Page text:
Exhaustive exercise results in inflammation and oxidative stress, which can damage tissue. Previous studies have shown that vitamin D has both anti-inflammatory and antiperoxidative activity. Therefore, we aimed to test if vitamin D could reduce the damage caused by exhaustive exercise. Rats were randomized to one of four groups: control, vitamin D, exercise, and vitamin D+exercise. Exercised rats received an intravenous injection of vitamin D (1 ng/mL) or normal saline after exhaustive exercise. Blood pressure, heart rate, and blood samples were collected for biochemical testing. Histological examination and immunohistochemical (IHC) analyses were performed on lungs and kidneys after the animals were sacrificed. In comparison to the exercise group, blood markers of skeletal muscle damage, creatine kinase and lactate dehydrogenase, were significantly (P < 0.05) lower in the vitamin D+exercise group. The exercise group also had more severe tissue injury scores in the lungs (average of 2.4 ± 0.71) and kidneys (average of 3.3 ± 0.6) than the vitamin D-treated exercise group did (1.08 ± 0.57 and 1.16 ± 0.55). IHC staining showed that vitamin D reduced the oxidative product 4-Hydroxynonenal in exercised animals from 20.6% to 13.8% in the lungs and from 29.4% to 16.7% in the kidneys. In summary, postexercise intravenous injection of vitamin D can reduce the peroxidation induced by exhaustive exercise and ameliorate tissue damage, particularly in the kidneys and lungs.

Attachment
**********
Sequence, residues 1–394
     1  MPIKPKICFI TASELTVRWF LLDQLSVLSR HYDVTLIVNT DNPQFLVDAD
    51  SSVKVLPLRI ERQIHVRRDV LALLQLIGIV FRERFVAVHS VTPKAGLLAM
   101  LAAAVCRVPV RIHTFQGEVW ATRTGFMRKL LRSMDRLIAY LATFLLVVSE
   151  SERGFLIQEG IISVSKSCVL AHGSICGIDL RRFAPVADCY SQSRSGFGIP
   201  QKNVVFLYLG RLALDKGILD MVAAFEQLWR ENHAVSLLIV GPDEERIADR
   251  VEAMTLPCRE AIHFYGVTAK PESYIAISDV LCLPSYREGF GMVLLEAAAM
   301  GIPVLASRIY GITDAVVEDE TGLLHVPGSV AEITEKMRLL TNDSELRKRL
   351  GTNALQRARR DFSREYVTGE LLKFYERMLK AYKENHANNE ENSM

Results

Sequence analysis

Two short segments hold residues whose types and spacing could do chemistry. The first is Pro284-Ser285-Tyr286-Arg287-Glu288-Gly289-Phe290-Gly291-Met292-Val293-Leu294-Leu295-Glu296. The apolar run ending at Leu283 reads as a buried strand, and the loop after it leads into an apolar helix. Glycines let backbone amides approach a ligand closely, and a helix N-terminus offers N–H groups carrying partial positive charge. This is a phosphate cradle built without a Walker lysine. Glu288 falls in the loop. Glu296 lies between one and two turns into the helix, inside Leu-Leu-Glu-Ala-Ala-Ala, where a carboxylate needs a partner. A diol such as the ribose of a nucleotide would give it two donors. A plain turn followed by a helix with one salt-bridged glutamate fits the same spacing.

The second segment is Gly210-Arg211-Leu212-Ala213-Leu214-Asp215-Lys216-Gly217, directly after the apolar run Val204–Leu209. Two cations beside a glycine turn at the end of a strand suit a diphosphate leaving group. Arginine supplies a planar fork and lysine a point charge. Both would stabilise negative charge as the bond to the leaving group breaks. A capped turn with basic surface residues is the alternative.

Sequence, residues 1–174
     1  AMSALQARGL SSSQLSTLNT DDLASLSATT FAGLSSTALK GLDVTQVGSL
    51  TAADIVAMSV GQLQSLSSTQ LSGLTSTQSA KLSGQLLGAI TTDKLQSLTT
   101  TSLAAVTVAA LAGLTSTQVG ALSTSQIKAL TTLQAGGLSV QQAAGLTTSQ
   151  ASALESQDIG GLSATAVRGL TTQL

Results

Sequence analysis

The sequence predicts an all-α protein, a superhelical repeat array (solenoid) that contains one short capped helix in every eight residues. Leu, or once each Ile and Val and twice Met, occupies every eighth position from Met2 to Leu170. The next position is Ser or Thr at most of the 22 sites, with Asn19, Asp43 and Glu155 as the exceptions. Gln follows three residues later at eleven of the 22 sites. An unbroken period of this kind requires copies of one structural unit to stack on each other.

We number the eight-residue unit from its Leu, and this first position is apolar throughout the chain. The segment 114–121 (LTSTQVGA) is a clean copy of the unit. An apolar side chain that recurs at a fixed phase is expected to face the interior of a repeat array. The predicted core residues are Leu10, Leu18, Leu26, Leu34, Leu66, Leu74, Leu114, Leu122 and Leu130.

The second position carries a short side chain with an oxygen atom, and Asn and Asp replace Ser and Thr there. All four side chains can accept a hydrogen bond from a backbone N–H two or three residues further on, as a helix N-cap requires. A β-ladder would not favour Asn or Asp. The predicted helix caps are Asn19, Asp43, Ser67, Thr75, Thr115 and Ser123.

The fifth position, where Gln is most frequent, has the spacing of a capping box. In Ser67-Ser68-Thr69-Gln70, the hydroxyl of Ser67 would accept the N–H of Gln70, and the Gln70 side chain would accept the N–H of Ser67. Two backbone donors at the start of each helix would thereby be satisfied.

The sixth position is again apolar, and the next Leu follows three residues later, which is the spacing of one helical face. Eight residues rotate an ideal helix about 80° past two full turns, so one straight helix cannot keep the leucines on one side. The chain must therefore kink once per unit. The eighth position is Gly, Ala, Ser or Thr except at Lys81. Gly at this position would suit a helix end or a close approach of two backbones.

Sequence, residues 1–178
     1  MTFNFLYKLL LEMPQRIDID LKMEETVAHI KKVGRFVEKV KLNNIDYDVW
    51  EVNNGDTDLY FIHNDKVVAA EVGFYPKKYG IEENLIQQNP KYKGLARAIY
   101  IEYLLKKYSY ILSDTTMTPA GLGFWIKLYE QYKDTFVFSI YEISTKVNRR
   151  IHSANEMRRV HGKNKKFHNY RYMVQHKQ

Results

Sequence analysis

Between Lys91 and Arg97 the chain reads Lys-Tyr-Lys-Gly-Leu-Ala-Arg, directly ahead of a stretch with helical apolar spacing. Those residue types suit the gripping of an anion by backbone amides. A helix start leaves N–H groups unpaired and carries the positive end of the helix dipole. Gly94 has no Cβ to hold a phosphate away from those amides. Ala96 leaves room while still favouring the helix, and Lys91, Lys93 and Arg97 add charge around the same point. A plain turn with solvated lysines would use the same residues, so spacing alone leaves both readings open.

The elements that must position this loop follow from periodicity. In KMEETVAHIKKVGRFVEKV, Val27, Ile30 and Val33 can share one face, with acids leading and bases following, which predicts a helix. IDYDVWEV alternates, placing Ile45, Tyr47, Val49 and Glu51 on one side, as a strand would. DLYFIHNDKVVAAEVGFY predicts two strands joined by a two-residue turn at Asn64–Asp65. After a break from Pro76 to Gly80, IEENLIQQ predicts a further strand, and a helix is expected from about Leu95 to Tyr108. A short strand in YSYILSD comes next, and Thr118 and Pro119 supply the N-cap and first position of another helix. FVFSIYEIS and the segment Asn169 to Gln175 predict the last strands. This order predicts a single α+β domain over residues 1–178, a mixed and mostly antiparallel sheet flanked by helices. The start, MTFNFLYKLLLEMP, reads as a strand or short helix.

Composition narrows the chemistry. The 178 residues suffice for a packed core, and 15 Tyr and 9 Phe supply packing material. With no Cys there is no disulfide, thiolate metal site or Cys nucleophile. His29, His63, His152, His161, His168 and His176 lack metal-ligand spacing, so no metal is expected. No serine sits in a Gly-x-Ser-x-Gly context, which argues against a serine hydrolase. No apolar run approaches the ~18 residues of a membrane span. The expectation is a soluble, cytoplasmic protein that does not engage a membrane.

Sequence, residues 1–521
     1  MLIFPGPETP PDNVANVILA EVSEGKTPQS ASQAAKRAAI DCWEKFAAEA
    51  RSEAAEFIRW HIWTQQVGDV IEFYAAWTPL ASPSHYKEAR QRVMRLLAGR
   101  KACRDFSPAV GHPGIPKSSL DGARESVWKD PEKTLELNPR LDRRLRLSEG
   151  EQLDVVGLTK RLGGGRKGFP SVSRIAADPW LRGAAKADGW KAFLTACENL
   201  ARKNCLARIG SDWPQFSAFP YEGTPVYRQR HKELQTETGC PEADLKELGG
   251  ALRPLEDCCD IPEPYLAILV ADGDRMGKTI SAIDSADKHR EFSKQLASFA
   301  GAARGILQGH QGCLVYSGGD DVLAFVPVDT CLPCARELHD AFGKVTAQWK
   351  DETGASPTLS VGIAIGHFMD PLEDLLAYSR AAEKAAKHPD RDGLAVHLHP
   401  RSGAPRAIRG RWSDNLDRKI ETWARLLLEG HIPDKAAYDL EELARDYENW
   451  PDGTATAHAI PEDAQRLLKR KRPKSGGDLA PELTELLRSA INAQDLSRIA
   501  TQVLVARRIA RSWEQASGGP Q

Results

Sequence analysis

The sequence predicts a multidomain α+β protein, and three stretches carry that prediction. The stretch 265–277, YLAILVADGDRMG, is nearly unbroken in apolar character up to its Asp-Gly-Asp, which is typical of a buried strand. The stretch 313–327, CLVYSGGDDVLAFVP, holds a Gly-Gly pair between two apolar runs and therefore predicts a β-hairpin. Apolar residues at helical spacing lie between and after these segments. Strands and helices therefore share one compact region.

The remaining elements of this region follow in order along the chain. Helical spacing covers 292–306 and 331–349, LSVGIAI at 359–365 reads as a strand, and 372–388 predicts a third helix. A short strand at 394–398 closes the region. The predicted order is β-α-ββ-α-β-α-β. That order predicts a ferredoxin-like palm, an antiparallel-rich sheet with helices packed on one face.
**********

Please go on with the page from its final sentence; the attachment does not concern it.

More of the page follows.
- Lipid peroxidation